Oil prices jumped to multi-year highs Monday, rising over 1.5% amid a global energy crisis that has spurred power and gas shortages in several nations.
Oil futures were steady in late morning trading, with WTI up slightly at $80.71/bbl and Brent down slightly at $83.50/bbl. U.S. natural gas futures were up 1.6% at $5.43/MMBtu.
Oil prices are on track to outpace copper prices this year by the largest amount since 2002 and are topping an index of raw material prices by the biggest margin in more than a decade.
Citigroup expects oil prices to rise to $90/bbl this winter as inventories drop to their lowest levels on record, a result of increased demand from more industries switching from high-priced natural gas to oil.
Utility companies in New York and New England are warning that surging global natural gas prices will lead to higher heating bills this winter.
Natural gas demand in the EU’s industrial sector in October was 12% below pre-pandemic levels as companies cut usage in response to surging prices.
China’s Cosco Shipping will debut its new Transpacific BCO Express Line later this week, opening two new trade routes to Los Angeles and Prince Rupert, Canada, in a bid to improve schedule reliability.
North American PC shipments dropped by 9% compared to the same time last year, largely a result of supply chain problems dragging down market growth following record demand levels reached in 2020.
Car sales in China dropped 17% in the third quarter from a year ago, the first decline in more than a year due to continued effects of the global chip shortage.
JPMorgan’s chief executive forecasted that supply chain disruptions hampering economic growth will be erased as early as 2022 due to high levels of consumer spending, currently around 20% more than pre-pandemic levels.
For a partial list of automotive disruptions caused by semiconductor and component shortages, clickhere.
The U.S. reported 116,202 new COVID-19 infections and 1,182 virus fatalities Monday.
The U.S. administered more than 7 million COVID-19 vaccine doses last week, the most since July.
The surge of COVID-19 infections driven by the Delta variant may be starting to wane, with new infections throughout the U.S. dropping by 22% over the last two weeks, while hospitalizations have dropped 20%. The decline prompted the White House’s top medical adviser to say families can safely trick-or-treat outdoors for Halloween this year.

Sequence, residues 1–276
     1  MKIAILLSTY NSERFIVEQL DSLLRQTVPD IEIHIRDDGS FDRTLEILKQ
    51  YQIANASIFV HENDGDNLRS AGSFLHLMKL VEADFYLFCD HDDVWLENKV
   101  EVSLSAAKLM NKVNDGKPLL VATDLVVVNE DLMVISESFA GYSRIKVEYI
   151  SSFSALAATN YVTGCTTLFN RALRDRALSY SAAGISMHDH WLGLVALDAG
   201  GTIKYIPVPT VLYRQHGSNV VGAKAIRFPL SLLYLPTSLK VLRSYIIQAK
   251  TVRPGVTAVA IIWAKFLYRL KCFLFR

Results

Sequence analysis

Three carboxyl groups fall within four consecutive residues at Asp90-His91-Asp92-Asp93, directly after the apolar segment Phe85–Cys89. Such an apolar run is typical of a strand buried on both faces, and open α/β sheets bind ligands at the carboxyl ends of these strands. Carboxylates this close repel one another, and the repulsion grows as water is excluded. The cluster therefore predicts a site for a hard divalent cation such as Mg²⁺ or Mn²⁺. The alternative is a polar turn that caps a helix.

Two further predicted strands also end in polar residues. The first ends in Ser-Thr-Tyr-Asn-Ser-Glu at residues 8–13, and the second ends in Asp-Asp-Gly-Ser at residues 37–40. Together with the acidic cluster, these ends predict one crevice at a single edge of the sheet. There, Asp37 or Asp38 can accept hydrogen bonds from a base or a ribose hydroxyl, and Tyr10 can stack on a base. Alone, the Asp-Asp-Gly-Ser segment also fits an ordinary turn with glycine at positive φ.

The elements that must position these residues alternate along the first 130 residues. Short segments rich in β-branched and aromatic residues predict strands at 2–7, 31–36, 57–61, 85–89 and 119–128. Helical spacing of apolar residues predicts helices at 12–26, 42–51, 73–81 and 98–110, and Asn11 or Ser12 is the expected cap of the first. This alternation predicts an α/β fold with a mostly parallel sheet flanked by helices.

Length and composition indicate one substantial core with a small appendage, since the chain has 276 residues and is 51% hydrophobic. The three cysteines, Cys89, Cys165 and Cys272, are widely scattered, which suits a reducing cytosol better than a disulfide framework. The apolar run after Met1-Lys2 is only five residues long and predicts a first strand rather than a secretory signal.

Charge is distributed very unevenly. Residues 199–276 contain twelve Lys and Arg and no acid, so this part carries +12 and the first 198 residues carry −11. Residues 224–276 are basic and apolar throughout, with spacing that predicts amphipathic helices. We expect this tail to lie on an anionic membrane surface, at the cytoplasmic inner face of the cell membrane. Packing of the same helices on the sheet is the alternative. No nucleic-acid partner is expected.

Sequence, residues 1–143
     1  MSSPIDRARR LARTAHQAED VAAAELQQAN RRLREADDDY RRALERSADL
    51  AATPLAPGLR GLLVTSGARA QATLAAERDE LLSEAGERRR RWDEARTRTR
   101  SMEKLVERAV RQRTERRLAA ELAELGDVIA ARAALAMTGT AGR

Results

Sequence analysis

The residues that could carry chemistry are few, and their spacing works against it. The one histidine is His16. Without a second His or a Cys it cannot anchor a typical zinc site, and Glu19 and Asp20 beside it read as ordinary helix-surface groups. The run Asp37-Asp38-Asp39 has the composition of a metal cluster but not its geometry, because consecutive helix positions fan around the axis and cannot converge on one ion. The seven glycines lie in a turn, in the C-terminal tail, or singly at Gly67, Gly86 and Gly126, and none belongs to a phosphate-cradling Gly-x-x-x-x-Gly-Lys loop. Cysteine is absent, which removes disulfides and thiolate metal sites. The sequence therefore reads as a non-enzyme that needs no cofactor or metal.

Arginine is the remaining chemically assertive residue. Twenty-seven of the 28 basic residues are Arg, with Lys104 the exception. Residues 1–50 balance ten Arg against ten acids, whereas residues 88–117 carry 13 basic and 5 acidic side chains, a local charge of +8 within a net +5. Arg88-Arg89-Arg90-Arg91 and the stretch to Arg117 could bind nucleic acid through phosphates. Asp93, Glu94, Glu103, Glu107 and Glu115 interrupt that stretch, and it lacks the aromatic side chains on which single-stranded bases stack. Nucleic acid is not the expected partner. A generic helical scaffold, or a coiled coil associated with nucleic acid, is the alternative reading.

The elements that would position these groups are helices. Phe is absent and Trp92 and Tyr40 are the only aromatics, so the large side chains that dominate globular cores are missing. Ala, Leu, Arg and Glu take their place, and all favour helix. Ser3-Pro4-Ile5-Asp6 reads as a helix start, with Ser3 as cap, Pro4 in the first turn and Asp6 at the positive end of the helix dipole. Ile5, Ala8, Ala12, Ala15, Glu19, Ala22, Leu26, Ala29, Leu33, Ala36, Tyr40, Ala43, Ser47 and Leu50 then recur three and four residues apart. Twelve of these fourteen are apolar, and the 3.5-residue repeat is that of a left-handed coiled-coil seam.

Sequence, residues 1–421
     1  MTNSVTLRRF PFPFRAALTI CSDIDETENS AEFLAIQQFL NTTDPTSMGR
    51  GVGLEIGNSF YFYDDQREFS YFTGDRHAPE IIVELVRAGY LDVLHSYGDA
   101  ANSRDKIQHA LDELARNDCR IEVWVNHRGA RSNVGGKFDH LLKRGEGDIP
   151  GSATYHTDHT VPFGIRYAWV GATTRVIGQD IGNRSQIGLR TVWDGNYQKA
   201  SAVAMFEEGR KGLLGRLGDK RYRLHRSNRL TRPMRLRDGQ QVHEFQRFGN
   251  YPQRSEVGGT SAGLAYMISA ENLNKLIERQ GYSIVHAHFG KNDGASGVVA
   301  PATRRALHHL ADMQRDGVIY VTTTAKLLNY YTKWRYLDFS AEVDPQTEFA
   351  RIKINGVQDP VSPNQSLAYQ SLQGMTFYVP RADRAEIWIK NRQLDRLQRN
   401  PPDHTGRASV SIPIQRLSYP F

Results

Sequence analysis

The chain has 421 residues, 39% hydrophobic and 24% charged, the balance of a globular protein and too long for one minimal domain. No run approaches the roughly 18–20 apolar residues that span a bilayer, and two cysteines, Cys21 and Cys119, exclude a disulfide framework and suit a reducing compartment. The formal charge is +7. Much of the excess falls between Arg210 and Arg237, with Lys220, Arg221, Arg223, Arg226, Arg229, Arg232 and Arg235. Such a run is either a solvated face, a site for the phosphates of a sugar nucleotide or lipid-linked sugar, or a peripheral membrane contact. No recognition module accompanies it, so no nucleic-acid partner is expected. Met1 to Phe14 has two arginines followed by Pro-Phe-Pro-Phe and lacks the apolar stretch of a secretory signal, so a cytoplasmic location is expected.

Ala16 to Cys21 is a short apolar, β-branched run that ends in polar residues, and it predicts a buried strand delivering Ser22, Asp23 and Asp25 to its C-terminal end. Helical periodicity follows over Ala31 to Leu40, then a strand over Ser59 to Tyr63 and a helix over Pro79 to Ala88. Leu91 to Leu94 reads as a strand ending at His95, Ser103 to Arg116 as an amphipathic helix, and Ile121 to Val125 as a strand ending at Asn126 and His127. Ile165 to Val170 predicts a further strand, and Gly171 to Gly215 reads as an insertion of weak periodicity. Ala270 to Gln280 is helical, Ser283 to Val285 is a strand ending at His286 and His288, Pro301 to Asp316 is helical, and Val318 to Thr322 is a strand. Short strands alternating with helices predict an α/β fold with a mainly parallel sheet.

Michigan is one of a handful of U.S. states seeing an uptick in COVID-19 cases, with its seven-day average at 3,541 as of last Friday, while hospitalizations from the virus have been steadily rising since August.
U.S. House lawmakers are set to vote on a short-term increase to the government’s borrowing limit today, potentially averting another showdown on debt and spending in less than two months.
Southwest Airlines flight cancellations stretched into their fourth day Monday, with roughly 10% of flights cut due to staffing shortages and bad weather.
Roughly 36% of workers in 10 major U.S. cities were back in the office last week, the highest level since the start of the pandemic.
Amazon updated its return-to-office plans, allowing individual teams to decide how many days corporate employees will be required to be at the office during the week while mandating all employees live within commuting distance.
A growing number of millennial homebuyers are pooling their finances with partners, friends or roommates to purchase houses as home prices surge.
The pandemic continues to cause uncertainty in box office returns, with the most recent installment of the James Bond franchise pulling in a muted $56 million in its debut weekend.
The U.K. surpassed 40,000 new COVID-19 infections Monday for the first time since July. Rough estimates show more than 1 million people in the nation are suffering from long-haul COVID-19 symptoms.
Mexico’s Health Ministry reports that COVID-19 infections in the country so far this month are down 43% and deaths are down 24%.
Tokyo reported just 49 new COVID-19 cases Monday, marking the third consecutive day of low infection numbers in Japan’s capital.
Hong Kong officials are waiting to see a rise in COVID-19 vaccination rates before loosening travel restrictions, a contrast to other Asian nations that have begun reopening borders amid a decline in infections.
A new French study of more than 22 million people found that being vaccinated against COVID-19 reduces the risk of hospitalization or dying from the virus by 90%.
The COVID-19 vaccine developed by Pfizer/BioNTech is the world’s most sought-after jab, with the manufacturer having shipped over 1.6 billion doses to 130 countries since the start of the pandemic.
New research from the U.K. has identified a possible genetic link between Alzheimer’s disease and severe COVID-19 infection.
Debt from the world’s low-income countries climbed to a record $860 billion in 2020, as the pandemic caused major financial problems and spurred the creation of large stimulus packages. The pandemic has also put an estimated 100+ million people into poverty, the United Nations says.
A new government report from India warns that volatile prices for crude oil, edible oils and metal products pose concerns for the country’s economic growth.
Passenger numbers at London’s Heathrow airport were just 38% of pre-pandemic levels in September, driven mostly by a decline in traffic from North America.
Volkswagen will decide on the location of its planned battery cell plant in Eastern Europe in the first half of 2022.
Tesla aims to deliver its first group of vehicles from a new factory in Berlin in December, with plans to build up to 10,000 vehicles per week next year.
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